The American artist couple Port and Kit Moresby travel aimlessly through Africa, searching for new experiences that could give sense to their relationship. But the flight to distant regions only leads both deeper into despair.
When the wife of the Shogun's Decapitator is murdered and he is ordered to commit suicide by the paranoid Shogun, he and his four-year-old son escape and become assassins for hire, embarking on a journey of blood and violent death.
A NASA astronaut (Thornton), forced to retire years earlier so he could save his family farm, has never given up his dream of space travel and looks to build his own rocket, despite the government's threats to stop him.
Billy Bob Thornton,
The world famous movie director John Wilson has gone to Africa to make his next movie. He is an obstinate, contrary director who'd rather hunt elephants than takes care of his crew or movie. He has become obsessed with one particular elephant and cares for nothing else. Written by
The elephant gun used by John Wilson (Clint Eastwood) was a Holland & Holland Double Rifle aka a double barreled elephant magnum. It's been valued at being worth UK £65,000. The manufacturers made the real life gun that John Huston used whilst filming The African Queen (1951) in Arica in 1951. According to a May 1990 interview with production designer John Graysmark in 'Cue International', the production took great care of the firearm during the shoot and sold it back to the gun-makers at the end of principal photography, "unharmed, unscratched, [and] unused". See more »
When John Wilson is talking to Pete Verrill over breakfast he refers to him as 'Jeff', Jeff Fahey being the real name of the actor. See more »
I would like to tell you a little story.
Oh, I love stories.
Well, you mustn't interrupt now, because you're way too beautiful to interrupt people. When I was in London in the early 40's, I was dining one evening at the Savoy with a rather select group of people, and sitting next to me was a very beautiful lady, much like yourself.
Now you're pulling my leg.
Now, just listen, dear. Well, we were dining and the bombs were falling, and we were all talking about Hitler and comparing him with ...
[...] See more »
I must admit that Clint Eastwood was the main reason why I watched this movie. I'm already quite familiar with his work as an actor and as a director - even though I still haven't seen his biggest success "Million Dollar Baby" yet - and overall I can enjoy his work. Does that mean that I love all his movies? No, certainly not, but most of the time, he's the one who saves the movie, even when it isn't all that good. Knowing that he directed this movie and played a major role in it, only made it more interesting for me.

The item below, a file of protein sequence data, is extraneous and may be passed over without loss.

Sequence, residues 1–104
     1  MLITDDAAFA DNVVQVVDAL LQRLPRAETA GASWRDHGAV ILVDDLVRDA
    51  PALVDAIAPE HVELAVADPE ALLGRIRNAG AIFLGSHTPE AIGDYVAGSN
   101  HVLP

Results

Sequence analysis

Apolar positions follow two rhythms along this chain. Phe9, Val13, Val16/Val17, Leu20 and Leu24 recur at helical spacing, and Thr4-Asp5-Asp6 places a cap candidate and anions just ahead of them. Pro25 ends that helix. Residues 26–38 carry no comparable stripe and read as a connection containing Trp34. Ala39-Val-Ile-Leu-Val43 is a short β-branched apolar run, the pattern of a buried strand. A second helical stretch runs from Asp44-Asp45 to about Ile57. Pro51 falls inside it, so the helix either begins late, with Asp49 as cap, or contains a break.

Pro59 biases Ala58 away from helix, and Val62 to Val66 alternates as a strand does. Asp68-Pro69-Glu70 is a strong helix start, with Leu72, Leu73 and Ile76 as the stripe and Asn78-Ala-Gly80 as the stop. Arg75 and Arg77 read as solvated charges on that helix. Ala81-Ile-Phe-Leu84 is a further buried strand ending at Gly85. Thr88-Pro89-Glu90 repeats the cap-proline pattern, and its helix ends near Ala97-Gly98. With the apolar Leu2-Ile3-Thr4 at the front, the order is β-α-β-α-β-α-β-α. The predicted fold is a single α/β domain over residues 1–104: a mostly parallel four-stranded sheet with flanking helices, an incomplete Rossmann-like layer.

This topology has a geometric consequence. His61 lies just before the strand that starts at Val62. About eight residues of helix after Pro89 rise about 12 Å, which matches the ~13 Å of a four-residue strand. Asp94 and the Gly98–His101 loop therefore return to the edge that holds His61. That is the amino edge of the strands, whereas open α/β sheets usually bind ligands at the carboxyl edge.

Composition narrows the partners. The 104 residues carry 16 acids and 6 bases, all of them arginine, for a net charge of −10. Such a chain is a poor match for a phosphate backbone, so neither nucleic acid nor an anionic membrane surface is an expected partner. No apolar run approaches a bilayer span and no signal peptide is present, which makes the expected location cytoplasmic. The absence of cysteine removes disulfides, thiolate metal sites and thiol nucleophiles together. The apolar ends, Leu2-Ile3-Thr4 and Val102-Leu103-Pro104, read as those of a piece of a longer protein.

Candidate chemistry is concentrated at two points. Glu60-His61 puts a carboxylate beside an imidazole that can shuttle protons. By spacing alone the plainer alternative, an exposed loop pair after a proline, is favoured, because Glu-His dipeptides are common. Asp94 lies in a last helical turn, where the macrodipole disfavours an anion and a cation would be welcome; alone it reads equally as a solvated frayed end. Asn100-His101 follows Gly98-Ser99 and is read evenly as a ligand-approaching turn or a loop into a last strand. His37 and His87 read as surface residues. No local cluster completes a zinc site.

"White Hunter Black Heart" shows how the world famous movie director John Huston is planning on making a trip to Africa, where he will shoot his next movie. But despite his reputation of being a good director, he is also a very difficult man to work with. He doesn't want to make any concessions towards the producers and to make things worse he is also more interested in shooting the biggest elephant possible than shooting his movie and there is nothing or no-one who can bring him to other ideas...
Overall this is a good movie, although I must say that the beginning didn't do it for me. At first I had the feeling that the characters weren't all that real. They felt too much like caricatures, almost making this movie feel like a comedy, which it certainly isn't. That's also the reason why I wasn't exactly thinking about giving this movie a very high rating. But I always make that final decision at the end of the movie and I admit that the end of the movie was a lot better than the beginning. Not only was it very clear that John Wilson felt himself more at ease in Africa than in England, his reactions after the hunt also showed that this wasn't yet another typical type of quiet tough guy without any human emotions that Clint Eastwood plays so often. I really appreciated that in this movie. What I also liked was the entire 'behind the scenes of a classic movie' idea. OK, if you regularly buy a DVD, then you know from the extra's how a movie is shot. But that's how it is done today with all the modern techniques, camera's, lighting equipment. They didn't have all that in the fifties and it's nice to see how it was done back then.
Overall this is an enjoyable movie that offers some good acting and an interesting story. If the beginning had been more believable, this might well have become one of my all-time favorites. Now I give it a rating in between 7/10 and 7.5/10.
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